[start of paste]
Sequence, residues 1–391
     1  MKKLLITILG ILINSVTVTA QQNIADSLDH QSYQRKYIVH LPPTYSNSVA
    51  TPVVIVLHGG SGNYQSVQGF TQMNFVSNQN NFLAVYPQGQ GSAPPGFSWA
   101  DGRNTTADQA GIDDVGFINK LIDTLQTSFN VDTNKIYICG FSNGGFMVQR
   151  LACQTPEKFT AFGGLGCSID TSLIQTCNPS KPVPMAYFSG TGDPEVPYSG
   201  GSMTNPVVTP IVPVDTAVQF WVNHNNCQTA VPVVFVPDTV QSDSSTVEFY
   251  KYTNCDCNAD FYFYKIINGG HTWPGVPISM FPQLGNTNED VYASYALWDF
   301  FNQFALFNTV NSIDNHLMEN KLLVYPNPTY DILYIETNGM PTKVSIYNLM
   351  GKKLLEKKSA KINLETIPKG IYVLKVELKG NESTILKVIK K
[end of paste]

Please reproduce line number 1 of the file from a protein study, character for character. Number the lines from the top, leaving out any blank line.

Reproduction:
Sequence, residues 1–391